20 April 2017

Nigeria: Govt Begins Fresh Manhunt for Absconded Failed Banks' Chiefs

The federal government Task Force on the Implementation of the Failed Banks Act has commenced an intensive search for bank executives who fled the country in the wake of their investigation and prosecution over fraudulent practices.

The Nigeria Deposit Insurance Corporation (NDIC) confirmed wednesday that the task force had issued a notice to re-arrest for prosecution, directors and officers of licensed banks who had committed banking malpractices and had absconded.

Some of the accused bank executives, who fled Nigeria some years ago, were said to have sneaked back into the country in the hope that their prosecution might have been terminated or that investigations into their alleged criminal acts had ended.

It is against this backdrop, the NDIC said that the task force would go after the absconded suspects, with a view to bringing them to book to serve as a warning to other bank offenders.

"The task force would leave no stone unturned to ensure that erring bank offenders are apprehended and prosecuted," the Director of Legal Department, NDIC, Mr. B. A. Taribo, said in a statement.

The task force had at its 38th meeting held on 13th March, 2017 reviewed some pending investigations by the Police Financial Malpractices Investigation Unit (FMIU) under the Failed Banks Act comprising 17 cases involving 10 closed Microfinance Banks (MFBs) in which 15 former directors of the MFBs were involved.

It also reviewed two cases of closed commercial banks involving their former directors.

One of the closed commercial banks cases currently under prosecution, according to the NDIC, involved erstwhile directors of the closed Gulf Bank of Nigeria Plc, who were facing trial over banking malpractices involving N15.1 billion of depositors' funds.

The task force also reviewed about 16 criminal cases being prosecuted under the Failed Banks Act in which prosecution had been stalled because the accused persons had jumped bail and had absconded from the country in the heat of their investigation and prosecution.

The NDIC also said sureties of the absconded suspects had also disappeared.

The Failed Banks (Recovery of Debts) and Financial Malpractices in Banks Act 1994 was promulgated to recover debts owed to failed banks, which had remained outstanding as at the date the banks were closed or declared failed and to prosecute directors and officers of licensed banks who had committed banking malpractices.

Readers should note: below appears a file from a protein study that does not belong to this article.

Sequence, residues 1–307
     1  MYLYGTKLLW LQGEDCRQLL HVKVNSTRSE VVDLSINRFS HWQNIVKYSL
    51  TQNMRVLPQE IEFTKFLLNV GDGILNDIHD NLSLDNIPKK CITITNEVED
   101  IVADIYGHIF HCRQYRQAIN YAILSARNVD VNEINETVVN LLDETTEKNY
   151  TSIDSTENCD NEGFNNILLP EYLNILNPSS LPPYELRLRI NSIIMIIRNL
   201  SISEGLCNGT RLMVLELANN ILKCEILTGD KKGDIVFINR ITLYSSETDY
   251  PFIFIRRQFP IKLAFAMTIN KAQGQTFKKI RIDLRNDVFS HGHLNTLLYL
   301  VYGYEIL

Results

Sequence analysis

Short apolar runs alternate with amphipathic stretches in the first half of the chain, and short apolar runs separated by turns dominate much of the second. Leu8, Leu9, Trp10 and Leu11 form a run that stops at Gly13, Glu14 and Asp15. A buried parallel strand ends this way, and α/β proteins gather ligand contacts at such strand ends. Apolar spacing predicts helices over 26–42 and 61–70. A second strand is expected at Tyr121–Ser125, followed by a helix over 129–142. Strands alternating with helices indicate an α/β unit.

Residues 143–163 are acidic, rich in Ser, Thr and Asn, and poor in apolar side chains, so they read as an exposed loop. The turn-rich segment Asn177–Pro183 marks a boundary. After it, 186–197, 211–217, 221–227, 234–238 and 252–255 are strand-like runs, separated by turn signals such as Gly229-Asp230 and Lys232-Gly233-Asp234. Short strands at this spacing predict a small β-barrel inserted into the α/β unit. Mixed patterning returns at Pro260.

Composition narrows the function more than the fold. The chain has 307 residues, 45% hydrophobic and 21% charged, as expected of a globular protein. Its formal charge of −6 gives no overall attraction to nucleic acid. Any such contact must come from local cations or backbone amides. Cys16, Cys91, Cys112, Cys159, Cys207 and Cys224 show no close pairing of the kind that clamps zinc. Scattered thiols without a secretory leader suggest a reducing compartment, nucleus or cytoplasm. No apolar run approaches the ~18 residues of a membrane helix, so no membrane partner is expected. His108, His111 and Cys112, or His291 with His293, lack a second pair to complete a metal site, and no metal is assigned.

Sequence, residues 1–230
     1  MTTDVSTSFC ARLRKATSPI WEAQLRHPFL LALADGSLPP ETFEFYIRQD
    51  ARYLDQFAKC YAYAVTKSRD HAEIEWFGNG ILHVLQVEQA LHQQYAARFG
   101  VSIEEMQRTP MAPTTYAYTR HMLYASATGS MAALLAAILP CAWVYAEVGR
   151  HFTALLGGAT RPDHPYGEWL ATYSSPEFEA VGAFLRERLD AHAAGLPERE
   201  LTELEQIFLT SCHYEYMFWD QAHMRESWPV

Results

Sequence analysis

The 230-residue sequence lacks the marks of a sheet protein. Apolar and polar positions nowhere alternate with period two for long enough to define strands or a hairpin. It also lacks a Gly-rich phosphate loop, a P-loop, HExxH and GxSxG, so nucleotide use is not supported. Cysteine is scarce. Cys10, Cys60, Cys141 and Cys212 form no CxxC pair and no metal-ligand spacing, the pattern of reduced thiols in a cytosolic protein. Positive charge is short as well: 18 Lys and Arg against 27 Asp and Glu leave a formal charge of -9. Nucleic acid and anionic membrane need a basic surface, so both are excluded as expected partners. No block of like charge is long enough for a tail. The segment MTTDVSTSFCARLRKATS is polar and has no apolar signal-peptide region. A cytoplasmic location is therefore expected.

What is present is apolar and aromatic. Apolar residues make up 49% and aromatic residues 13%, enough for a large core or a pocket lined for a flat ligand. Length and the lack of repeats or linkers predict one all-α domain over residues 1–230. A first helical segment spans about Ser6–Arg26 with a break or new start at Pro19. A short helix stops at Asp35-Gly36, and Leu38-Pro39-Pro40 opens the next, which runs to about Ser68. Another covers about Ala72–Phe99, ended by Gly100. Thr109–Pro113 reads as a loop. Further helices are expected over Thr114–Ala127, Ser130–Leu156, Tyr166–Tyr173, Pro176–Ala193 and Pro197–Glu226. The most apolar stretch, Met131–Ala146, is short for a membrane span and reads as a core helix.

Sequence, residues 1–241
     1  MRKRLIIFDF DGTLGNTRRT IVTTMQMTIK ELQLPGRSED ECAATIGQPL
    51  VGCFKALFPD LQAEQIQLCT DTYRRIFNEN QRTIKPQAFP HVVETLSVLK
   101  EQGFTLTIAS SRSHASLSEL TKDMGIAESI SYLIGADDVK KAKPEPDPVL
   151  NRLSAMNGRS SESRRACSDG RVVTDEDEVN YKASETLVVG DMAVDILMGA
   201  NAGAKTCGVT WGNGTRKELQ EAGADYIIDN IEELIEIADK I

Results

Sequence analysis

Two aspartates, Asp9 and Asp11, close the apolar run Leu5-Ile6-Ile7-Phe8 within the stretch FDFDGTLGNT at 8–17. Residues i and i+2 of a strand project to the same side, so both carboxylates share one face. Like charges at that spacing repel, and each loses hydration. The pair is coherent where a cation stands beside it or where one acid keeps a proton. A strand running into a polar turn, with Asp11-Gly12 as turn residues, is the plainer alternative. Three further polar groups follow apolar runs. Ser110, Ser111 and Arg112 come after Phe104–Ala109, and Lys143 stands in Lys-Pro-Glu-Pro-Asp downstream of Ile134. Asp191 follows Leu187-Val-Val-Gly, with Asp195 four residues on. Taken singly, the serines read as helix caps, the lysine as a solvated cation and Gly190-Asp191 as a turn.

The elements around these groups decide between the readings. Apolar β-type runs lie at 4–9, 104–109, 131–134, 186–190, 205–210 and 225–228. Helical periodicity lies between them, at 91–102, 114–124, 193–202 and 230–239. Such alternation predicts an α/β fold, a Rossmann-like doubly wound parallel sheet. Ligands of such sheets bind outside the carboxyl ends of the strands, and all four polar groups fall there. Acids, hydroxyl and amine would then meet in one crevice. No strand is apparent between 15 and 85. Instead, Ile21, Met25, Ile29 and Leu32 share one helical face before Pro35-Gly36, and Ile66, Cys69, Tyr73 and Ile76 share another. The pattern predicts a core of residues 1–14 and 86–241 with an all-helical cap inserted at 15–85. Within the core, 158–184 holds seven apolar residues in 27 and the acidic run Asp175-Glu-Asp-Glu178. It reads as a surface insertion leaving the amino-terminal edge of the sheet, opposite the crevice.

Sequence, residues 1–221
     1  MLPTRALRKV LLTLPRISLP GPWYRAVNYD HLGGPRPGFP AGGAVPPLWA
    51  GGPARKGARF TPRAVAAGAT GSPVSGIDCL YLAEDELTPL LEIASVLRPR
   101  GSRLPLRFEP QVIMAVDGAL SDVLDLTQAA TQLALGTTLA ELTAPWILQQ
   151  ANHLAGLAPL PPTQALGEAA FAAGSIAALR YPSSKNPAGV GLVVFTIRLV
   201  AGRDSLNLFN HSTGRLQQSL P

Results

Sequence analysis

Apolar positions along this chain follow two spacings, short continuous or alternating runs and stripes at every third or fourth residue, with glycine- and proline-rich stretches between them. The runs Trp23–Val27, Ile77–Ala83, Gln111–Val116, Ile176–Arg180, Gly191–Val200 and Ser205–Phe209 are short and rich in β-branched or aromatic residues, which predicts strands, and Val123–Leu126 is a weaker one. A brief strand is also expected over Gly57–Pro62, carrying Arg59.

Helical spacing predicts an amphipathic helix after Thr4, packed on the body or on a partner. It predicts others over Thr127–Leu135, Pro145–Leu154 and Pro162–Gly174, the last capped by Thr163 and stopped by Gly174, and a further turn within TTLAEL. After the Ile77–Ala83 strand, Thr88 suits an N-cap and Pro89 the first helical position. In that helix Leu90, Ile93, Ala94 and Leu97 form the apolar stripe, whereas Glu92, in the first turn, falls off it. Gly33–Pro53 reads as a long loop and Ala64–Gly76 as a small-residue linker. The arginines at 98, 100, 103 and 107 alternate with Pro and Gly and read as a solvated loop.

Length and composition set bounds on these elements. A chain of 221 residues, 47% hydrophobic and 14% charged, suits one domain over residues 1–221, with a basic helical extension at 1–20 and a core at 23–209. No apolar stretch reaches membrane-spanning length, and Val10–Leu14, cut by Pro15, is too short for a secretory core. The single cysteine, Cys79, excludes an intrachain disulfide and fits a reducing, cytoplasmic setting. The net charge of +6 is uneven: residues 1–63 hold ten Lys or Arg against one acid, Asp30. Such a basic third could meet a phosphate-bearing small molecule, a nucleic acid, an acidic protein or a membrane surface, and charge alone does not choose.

In July 1995, the Inspector General of Police established a special Police unit called the Failed Banks Inquiry to assist the NDIC and the Central Bank of Nigeria implement the criminal aspects of the Failed Banks Act through investigation of criminal complaints referred to the Unit by the Regulatory Authorities.

On the 28th of December 1998, the Attorney General of the Federation and Minister of Justice constituted the Task Force on Implementation of the Failed Banks Act. The objective of the task force was to co-ordinate the different agencies involved in the implementation of the criminal aspects of the Failed Banks Act in order to achieve heightened police investigation and legal officers/ private legal practitioners' prosecution of suspects under the Failed Banks Act.

The members of the task force comprised the Nigeria Deposit Insurance Corporation as Chairman; the Federal Ministry of Justice represented by the Director of Public Prosecution of the Federation; the Central Bank of Nigeria; the Failed Banks Inquiry (now Financial Malpractices Investigation Unit); the Special Fraud Unit of the Police; and subsequently, the Economic and Financial Crimes Commission (EFCC).

In carrying out its objective, the task force reviewed the police investigation of suspects and the prosecution of accused persons by state counsel and private legal practitioners issued with the fiat of the Hon. Attorney General of the Federation under the Failed Banks Act. Generally, the mandate of the task force was to superintend over the investigation and prosecution of failed banks cases from commencement of police investigation to ensure early arraignment of suspects before the tribunals.


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